TOKYO — Toyota Motor Corp. President Akio Toyoda will create a trio of companies tasked with developing software for the next generation of smart cars. In detailing the plans, Toyoda said old business strategies no longer guarantee success in an industry being rocked by technological upheaval. Toyoda spoke here last week. These are edited excerpts.
Q: Why do automakers need to shift to making software?
A: In the old world, we are the hardware manufacturer, and all we need to do is buy software from someone else. But we must make continuous improvement and upgrading. But once you leave that to somebody else, you are allowing other people to achieve that upgrading. If we decide to develop and produce our own engines and our own software, we can use that for product improvement and create value. For that purpose, we need to pursue software first.
Why did you invest your own money to create Woven Planet?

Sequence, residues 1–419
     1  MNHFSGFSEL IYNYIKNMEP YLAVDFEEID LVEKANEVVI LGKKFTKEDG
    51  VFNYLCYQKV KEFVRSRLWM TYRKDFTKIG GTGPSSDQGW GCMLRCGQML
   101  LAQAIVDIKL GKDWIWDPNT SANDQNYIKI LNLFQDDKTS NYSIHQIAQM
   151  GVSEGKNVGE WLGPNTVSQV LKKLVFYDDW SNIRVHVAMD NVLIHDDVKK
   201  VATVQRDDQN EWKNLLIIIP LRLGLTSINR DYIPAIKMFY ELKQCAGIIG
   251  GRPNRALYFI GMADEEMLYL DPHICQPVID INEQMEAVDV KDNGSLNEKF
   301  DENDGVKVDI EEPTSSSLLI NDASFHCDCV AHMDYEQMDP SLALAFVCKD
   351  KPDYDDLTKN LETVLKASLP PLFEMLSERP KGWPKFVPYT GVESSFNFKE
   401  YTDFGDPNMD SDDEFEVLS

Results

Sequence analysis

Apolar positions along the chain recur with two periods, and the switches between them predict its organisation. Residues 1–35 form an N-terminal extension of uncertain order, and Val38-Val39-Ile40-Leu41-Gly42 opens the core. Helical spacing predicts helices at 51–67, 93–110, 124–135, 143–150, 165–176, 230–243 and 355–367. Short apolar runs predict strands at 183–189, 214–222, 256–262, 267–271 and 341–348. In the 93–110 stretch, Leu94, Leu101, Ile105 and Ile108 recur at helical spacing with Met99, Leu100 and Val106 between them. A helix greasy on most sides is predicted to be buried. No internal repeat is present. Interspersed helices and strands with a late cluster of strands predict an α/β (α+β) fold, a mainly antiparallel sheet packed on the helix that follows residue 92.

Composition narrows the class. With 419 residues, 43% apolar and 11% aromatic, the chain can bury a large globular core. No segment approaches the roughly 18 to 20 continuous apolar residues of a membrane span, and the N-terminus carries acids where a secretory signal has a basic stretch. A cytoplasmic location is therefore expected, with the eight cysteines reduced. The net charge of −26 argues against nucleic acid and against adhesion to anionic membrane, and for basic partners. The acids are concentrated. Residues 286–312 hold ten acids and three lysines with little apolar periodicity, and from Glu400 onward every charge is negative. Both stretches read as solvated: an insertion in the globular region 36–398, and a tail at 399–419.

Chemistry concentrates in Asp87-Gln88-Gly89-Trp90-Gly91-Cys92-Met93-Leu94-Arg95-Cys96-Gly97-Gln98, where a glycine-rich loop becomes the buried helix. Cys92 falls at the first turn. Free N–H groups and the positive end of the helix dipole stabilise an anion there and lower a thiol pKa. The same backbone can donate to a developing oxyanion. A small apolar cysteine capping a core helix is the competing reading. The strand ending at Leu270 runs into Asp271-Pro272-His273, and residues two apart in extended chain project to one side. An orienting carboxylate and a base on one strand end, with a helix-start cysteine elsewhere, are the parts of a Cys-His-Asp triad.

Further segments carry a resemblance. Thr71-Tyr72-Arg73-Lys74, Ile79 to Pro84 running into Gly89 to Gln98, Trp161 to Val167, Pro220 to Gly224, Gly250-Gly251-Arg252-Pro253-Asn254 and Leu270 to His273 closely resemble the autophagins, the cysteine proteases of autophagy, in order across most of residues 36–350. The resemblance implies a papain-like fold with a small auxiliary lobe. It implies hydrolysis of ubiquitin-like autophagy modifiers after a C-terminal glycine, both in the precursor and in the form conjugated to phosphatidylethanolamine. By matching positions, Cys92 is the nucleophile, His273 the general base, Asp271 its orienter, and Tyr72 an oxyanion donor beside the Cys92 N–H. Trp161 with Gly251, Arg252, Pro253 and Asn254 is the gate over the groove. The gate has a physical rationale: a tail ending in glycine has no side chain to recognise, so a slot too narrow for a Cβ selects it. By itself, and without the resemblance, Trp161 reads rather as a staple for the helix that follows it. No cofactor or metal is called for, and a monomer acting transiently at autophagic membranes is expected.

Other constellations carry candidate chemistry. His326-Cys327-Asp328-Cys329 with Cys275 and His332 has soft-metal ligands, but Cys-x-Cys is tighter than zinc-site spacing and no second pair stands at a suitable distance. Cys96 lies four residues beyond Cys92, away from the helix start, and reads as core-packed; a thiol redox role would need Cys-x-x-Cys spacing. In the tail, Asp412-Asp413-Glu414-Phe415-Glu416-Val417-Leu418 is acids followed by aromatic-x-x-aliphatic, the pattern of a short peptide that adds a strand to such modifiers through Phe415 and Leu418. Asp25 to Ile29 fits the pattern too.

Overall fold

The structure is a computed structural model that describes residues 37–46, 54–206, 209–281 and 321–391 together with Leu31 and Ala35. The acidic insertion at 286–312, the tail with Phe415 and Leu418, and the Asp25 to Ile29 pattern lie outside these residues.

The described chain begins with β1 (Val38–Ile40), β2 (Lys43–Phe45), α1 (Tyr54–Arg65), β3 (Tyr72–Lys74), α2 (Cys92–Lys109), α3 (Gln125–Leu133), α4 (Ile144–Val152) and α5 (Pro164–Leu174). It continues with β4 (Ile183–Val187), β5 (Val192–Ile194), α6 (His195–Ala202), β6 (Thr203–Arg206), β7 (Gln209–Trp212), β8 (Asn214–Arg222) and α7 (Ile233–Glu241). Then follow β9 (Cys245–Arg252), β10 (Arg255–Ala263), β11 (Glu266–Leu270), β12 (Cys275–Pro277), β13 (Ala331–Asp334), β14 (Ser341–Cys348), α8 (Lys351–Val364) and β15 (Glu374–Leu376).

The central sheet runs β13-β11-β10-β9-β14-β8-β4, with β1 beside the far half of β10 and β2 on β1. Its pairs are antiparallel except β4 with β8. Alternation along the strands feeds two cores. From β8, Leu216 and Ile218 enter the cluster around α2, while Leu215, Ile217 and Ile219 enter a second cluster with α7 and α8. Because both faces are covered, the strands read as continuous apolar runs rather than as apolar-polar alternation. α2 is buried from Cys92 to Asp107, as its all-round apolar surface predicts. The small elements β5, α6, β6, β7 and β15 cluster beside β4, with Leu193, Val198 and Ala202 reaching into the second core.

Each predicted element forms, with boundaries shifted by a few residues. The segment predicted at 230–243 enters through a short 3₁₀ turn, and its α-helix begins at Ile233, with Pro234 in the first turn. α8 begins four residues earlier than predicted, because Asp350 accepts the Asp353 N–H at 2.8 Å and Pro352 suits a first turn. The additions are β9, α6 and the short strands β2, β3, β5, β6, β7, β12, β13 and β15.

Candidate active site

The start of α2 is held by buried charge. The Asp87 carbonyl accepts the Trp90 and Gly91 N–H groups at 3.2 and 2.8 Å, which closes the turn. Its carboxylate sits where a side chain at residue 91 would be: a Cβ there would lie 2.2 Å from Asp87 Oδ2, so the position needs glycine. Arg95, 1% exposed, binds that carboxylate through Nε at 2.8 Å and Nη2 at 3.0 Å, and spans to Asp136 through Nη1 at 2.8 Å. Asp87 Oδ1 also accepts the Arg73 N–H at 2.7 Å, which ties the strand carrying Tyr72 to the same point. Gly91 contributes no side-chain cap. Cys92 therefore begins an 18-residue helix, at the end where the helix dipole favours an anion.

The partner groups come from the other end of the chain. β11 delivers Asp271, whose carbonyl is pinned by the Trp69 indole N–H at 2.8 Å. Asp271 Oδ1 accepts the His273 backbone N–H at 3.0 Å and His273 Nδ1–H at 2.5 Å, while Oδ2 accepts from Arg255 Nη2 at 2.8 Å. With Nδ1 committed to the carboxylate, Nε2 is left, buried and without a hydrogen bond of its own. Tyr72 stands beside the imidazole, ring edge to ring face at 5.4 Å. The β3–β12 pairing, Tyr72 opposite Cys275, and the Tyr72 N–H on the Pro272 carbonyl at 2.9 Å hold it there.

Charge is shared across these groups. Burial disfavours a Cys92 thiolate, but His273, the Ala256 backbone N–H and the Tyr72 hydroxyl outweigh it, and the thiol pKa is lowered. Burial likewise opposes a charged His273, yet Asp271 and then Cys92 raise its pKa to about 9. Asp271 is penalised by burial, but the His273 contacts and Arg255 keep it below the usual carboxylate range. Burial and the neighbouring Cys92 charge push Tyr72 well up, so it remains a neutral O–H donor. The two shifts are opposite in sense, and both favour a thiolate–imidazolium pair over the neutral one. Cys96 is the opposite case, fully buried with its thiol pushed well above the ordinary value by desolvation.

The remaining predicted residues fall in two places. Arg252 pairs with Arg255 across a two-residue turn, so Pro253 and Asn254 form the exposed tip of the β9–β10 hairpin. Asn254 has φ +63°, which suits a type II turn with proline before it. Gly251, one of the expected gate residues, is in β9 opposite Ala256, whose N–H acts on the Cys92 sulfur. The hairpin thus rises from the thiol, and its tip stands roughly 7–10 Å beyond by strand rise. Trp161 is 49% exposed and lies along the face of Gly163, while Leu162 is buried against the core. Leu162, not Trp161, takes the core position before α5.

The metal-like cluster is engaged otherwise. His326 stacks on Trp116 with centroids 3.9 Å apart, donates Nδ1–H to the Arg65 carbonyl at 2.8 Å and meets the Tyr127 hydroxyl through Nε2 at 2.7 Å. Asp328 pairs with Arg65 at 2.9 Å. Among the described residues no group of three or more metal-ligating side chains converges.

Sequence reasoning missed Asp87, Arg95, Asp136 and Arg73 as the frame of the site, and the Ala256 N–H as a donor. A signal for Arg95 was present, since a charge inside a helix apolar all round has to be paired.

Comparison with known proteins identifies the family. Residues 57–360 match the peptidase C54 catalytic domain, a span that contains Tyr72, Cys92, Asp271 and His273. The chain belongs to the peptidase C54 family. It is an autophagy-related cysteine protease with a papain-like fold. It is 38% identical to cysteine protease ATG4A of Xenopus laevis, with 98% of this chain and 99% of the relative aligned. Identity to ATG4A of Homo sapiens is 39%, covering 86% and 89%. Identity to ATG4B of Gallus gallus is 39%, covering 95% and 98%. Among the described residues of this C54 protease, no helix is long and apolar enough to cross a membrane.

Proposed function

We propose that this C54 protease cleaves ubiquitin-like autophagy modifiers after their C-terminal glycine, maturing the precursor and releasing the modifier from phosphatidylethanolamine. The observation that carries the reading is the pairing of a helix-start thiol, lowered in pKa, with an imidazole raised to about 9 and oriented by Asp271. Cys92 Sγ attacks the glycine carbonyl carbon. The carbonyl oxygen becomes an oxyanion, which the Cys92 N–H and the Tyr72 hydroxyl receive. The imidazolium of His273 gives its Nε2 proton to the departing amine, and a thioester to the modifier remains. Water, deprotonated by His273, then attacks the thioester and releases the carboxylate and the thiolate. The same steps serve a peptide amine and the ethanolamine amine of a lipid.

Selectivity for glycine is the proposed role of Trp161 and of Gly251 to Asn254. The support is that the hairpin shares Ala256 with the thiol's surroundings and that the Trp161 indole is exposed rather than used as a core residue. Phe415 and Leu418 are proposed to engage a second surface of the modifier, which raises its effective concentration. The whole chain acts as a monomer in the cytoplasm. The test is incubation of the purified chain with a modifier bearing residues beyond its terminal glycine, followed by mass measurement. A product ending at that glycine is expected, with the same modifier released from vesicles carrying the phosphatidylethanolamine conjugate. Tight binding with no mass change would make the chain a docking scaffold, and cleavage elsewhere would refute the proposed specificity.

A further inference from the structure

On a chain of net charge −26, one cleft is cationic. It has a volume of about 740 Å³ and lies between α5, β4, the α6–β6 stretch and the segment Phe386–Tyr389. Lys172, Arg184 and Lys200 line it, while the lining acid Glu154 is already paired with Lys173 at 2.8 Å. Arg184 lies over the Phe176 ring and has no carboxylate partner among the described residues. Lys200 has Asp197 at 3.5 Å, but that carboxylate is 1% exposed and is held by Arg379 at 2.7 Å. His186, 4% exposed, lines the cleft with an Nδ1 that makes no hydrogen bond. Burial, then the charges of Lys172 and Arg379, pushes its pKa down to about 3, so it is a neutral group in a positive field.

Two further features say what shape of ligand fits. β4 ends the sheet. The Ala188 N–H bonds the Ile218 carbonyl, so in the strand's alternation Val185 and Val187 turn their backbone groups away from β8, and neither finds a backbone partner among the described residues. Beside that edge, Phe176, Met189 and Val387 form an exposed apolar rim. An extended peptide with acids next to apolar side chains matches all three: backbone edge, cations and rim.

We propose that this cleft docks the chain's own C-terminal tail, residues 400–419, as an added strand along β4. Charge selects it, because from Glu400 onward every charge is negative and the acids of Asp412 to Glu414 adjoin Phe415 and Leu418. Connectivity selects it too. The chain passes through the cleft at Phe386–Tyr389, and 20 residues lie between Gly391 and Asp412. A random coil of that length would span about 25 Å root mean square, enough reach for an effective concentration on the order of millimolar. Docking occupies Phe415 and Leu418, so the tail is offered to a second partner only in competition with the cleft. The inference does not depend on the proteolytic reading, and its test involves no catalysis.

Whenever new businesses or industries were born, it was the capitalists or entrepreneurs who had the strong will to make it happen. But nowadays in Japan, there are few true individual capitalists, personal investors. As president of Toyota Motor, and also as one individual investor, I wanted to demonstrate my commitment and will.
How has the COVID-19 pandemic affected your plans?
Today, even in a COVID-19 world, in some areas we are pressing hard on the accelerator pedal. This is not my decision alone. It is supported by others and made in consultation with their opinions. And that allows me to say I'm optimistic.
What will be the relationship between Toyota Motor and Woven Planet?
Both are like mirror images of each other. They will pick and choose from each other. Toyota Motor can provide the opportunity for Woven City to do it on its own financial means. It's a partnership, and at least it can sow the seeds for future change.
How do the Woven companies play into your plans to eventually hand off to a successor?
When I became president, the only thing I could devote my time to was dealing with the consequences of the past. I spent 200 percent of my time and energy on that. I felt that situation should be avoided when I pass the baton.
So if I were to receive the baton from my predecessor, this is the way I'd like to receive it. That's what I'm doing right now, for the future.